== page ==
In 1975, a group of small-time Rhode Island bank robbers executed the largest heist in New England’s history, stealing over $30 million in valuables from a bonded vault that the notorious crime family of mobster Raymond Patriarcha used as a personal bank.

“One crime marked the end for Cosa Nostra,” reads the introduction of the film Vault, which screened at the Martha’s Vineyard Film Center on Saturday night. “This tells the story of that crime.”

Featuring gritty actors like Chazz Palminteri, Don Jonson, and Emmy-award winner Samira Wiley, the film follows Robert “Deuce” Dussault and Charles “Chucky” Flynn as they assemble and pull-off the legendary ‘Bonded Vault Heist.’ The heist led to a number of high-profile mafia convictions for New England law enforcement, as former associates began to turn on their syndicates after the institution of the RICO act in the late seventies.

To this day, however, no one knows what happened to the money.

Zared Shai, owner of Backyard Taco, edited the movie at his home studio on the Island. — Ray Ewing

“Don’t look at me,” said Vault producer and Martha’s Vineyard resident Chad Verdi.

Although it was shot on-location in Providence, R.I., the entire movie was edited on Martha’s Vineyard by Zared Shai, owner of the Edgartown eatery Taco MV. On Saturday evening, Mr. Verdi and director Tom Denucci discussed the process of recreating a story that had been integral to both of their childhoods in Rhode Island — a process that wouldn’t have been possible without their connection to a certain taco man on Martha’s Vineyard.

“You make a lot of new relationships doing movies. . . but I’d never really met Zared before,” Mr. Denucci said during a question-and-answer after the screening. “But then one day last year we got paired up and I go into his editing suite, and he’s a very relaxed guy and he’s just like, ‘Hey, what’s up man, come on in. I’m going to lay down on the floor.’”

“I knew right away that the tension would be cut, and that we would have a great little run together. And we did,” Mr. Denucci said.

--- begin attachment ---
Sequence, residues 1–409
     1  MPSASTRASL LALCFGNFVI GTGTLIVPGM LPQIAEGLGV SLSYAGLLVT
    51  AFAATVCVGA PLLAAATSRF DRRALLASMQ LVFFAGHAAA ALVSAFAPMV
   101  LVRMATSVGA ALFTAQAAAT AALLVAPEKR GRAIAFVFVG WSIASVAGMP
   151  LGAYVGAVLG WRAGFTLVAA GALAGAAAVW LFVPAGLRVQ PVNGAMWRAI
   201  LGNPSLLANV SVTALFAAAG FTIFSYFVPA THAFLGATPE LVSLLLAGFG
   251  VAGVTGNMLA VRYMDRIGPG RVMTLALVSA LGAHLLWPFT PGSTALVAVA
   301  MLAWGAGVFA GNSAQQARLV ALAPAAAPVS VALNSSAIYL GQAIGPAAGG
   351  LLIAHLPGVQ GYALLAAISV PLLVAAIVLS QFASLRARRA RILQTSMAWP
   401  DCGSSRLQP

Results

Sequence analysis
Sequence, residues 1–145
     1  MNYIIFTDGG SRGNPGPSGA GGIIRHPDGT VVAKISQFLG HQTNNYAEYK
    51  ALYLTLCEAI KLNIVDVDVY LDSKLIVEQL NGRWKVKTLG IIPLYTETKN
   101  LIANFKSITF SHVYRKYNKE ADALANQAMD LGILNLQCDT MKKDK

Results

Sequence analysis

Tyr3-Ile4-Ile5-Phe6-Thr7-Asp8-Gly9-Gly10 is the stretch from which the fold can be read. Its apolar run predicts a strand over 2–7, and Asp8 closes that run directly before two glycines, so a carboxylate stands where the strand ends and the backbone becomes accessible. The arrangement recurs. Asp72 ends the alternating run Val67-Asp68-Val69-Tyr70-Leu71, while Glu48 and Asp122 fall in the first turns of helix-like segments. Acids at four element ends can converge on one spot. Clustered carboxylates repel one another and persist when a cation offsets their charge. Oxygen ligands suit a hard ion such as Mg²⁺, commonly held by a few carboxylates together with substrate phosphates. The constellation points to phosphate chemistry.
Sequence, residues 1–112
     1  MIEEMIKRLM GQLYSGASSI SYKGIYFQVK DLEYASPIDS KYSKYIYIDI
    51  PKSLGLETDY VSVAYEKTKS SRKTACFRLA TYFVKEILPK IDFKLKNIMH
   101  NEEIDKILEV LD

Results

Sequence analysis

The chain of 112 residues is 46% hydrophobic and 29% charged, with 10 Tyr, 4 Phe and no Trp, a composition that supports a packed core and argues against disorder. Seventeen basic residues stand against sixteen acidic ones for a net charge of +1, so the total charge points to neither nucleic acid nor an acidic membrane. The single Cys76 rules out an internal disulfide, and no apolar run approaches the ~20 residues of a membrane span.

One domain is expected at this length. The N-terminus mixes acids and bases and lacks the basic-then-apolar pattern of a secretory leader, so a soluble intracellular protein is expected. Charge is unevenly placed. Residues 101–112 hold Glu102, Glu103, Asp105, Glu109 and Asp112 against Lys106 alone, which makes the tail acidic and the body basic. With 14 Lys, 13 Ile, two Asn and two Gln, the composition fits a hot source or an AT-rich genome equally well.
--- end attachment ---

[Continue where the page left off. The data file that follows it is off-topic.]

Mr. Verdi was initially planning to make a documentary about Raymond Patriarcha, but ultimately decided to intertwine Mr. Patriarcha’s story with that of the Bonded Vault Heist in a feature-length crime drama.

“The bonded vault heist is this story that has been this fishing tale, this legendary heist,” Mr. Denucci said. “If you’re from where I’m from, it’s something you may have heard of at the dinner table on Thanksgiving from your uncles. Somebody knows somebody who knows somebody who was involved. So it’s this story I’ve been hearing my whole life.”

The two got big-name actors to sign on the to the project, filmed at locations like Mr. Verdi’s mother’s house and the Superman building in Providence, and assembled the film. Then they met Mr. Shai.

“He added tremendous value to this project,” Mr. Verdi said.

For about three months, Mr. Shai had to split time between Backyard Taco and the small editing studio he has in Oak Bluffs to help with the film. Although Mr. Shai has edited about 10 movies in the past, most of those came during his time in Los Angeles, when he had a professional editing studio with top-of-the-line monitors, mixers and audio equipment. Things are different on the Vineyard.

“It was unique for me, and it was kind of tricky because I had to learn a new system,” Mr. Shai said. “I would do five days editing, and then two days at the taco shop, and then switch off. . . between that and working with my dad here at the shop, it was busy.”

“But, it’s worth it,” Mr. Shai’s father added.

Although both Mr. Shai and Mr. Denucci have worked with Mr. Verdi in the past, neither had worked together on a project before Vault. But unlike their subjects on screen, who found that working with strangers can prove problematic for pulling off a heist, that was never an issue for the group that put the film together.

“It was a very calm set,” Mr. Verdi said. “I can’t remember a set this calm and collected. It’s never happened before. No egos, everyone left their egos at home. That’s very uncommon in this industry. . . .It’s really a combination of relationships that loved the project, and that love falls into the film.”

Mr. Shai said that harmony found its way into his relationship with Mr. Verdi.

“As an editor, a lot of the time the job is about patience,” Mr. Shai said. “And sometimes you make suggestions, and Tommy was always really cool. Usually it’s not that fun, and Tommy made it really fun.”

The film has been sold to Lionsgate for distribution and is currently screening in 17 different states. Remaining showtimes on the Vineyard are Tuesday, June 18 at 4:30 p.m. and Sunday, June 23 at 7:30 p.m., both at the Capawock Theatre in Vineyard Haven.